The Liberian Senate will hold a special session today, Wednesday, for the induction ceremony of Senators elected in the first special senatorial elections since the coming into being of the 1986 Constitution.The ceremony, which should have been held yesterday in accordance with the Senate Rules, was postponed for today following a motion by Nimba County Senator Thomas Grupee and approved by plenary. The Secretary was requested to inform the Senators-elect about the change of time.While the current 15 Senators were deliberating in chambers, the newly elected Senators were reclining in the air conditioned Cletus Wotorson Cafeteria awaiting news about their induction.Some Senators argued that instead of today, the Senators be given sufficient time to prepare and be inducted on Thursday, which is one of the regular session days. Earlier, the Senate Committee on Rules, Order &Administration as requested Monday after the Senators-elect presented their certificates to the Secretary of the Senate, informed the plenary that the certificates and credentials were well screened and reviewed, and found to be authentic. The Senate Committee, therefore, requested that the Senators be inducted in keeping with the Senate Rule.In the absence of a Pro Tempore proper, the Secretary of the Senate, J. Nanborlor F. Singbeh, will perform the induction ceremony which takes place at 11 a.m. in the Chamber of the Senate. Those to be inducted include: George Manneh Weah, (Montserrado); Jonathan L. Kaipay, (Grand Bassa), J. Milton Teahjay, (Sinoe), Gbleh-bo J. Brown, (Maryland), Jewel Howard C. Taylor (Ranking Senator, Bong) and Prince Yormie Johnson (Ranking Senator, Nimba).Also taking office today are: Marshall A. Dennis, (Grand Gedeh), Stephen J.H. Zargo, (Lofa), Francis S. Paye, (River Cess), Albert T. Chie, (Grand Kru), Conmany B. Wesseh, (River Gee) and Daniel Flomo Naatehn, Sr., (Gbarpolu).Senators-elect Varney Nabie G. Sherman (Grand Cape Mount), Morris Saytumah (Bomi) and James Tornollah, (Margibi) County will not be part of the ceremony due to separate injunctions filed against them with the Supreme Court.Today’s ceremony is not only the first of its kind since the 1986 Constitution came into existence, but also the first time in Africa in recent memory that a former world football icon is elected to one of the highest national leadership posts such as the Senate.As they did during the official opening ceremonies of the Legislature Monday, Congress for Democratic Change (CDC) die-hards are expected to turn out in their thousands on the grounds of the Capitol Building in solidarity with their political leader, George Manneh Weah, as he becomes Senator proper.Share this:Click to share on Twitter (Opens in new window)Click to share on Facebook (Opens in new window)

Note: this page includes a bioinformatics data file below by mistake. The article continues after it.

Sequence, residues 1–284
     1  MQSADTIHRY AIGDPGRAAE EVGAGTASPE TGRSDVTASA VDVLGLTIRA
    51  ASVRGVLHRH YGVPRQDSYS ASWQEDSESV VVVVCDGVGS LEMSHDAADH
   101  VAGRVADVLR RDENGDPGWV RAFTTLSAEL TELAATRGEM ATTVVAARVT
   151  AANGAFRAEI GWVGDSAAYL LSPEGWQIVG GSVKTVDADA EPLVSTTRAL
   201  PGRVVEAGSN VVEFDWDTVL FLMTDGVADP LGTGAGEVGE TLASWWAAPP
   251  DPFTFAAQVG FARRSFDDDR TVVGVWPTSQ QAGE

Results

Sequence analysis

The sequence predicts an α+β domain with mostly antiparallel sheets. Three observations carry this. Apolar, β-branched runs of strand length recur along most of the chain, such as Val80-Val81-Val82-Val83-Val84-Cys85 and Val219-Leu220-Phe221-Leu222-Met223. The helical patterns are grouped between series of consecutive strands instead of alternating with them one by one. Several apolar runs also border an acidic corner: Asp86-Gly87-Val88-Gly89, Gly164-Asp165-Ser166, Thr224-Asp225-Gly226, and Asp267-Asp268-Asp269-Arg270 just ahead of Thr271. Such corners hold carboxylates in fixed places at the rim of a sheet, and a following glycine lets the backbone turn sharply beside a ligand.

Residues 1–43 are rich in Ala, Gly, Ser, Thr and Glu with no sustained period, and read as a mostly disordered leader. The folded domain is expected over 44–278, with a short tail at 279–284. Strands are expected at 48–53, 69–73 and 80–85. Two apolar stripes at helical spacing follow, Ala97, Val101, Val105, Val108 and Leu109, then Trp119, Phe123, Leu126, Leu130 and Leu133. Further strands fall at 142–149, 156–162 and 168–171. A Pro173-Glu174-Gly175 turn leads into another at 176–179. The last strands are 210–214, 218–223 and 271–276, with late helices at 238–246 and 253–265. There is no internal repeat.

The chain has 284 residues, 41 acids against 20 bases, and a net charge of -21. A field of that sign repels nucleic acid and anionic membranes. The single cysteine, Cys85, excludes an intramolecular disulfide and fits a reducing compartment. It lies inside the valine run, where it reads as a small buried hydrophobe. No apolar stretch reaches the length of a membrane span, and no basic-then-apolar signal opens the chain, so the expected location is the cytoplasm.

Residents of Region Three (Essequibo Islands-West Demerara) will soon benefit from the reopening of its National Tuberculosis (TB) in-patient facility, also known as the “Step-Down Care Centre” located at the West Demerara Regional Hospital (WDRH). It is expected to be recommissioned on April 7.This was revealed by National Tuberculosis Programme Manager, Dr Jeetendra Mohanlall, on Friday during a visit to the facility by Minister within the Public Health Ministry, Dr Karen Cummings.The Step-Down Care facility serves as an in-patient unit for persons with severeMinister within the Public Health Ministry, Dr Karen Cummings and Director of Regional Health Services, Dr Kay Shako touring the ‘Step-Down’ care facilitycases of TB that may require greater attention.“We saw the need for this (in-patient facility) since a lot of our patients need nutritional and psycho-social support, especially those who are multi-drug resistant and could take as long as 18 months to two years to be treated and cured,” Dr Mohanlall was quoted by the Department of Public Information as saying.The Programme Manager said the Centre would cater for 18 to 20 beds, including isolation rooms for both male and female patients, with a pharmacy, kitchen, and laundry among other areas factored in.Minister Cummings said while she was satisfied with the current state of the facility, she expected other amenities to be offered that would not only benefit the patients but the staff assigned to the facility as well.The Minister stressed that although the number of TB cases has been reduced significantly, the Public Health Ministry wanted to ensure that in addition to testing and treatment offered at the facility for chronic patients, an appropriate facility is in place to care for the patients.According to statistics, during 2015, Region Four accounted for more than 50 per cent of the 439 new cases of TB recorded. The disease was extremely low in Regions Five, Eight and Nine, with a total of 18 new cases. Region Nine, however, recorded the lowest incidence – two cases, and Region Five the highest with ten.In Regions One, Two, Three, Six, Seven and Ten, new cases ranged between 15 and 37, with Region Seven recording the lowest and Region Three the highest.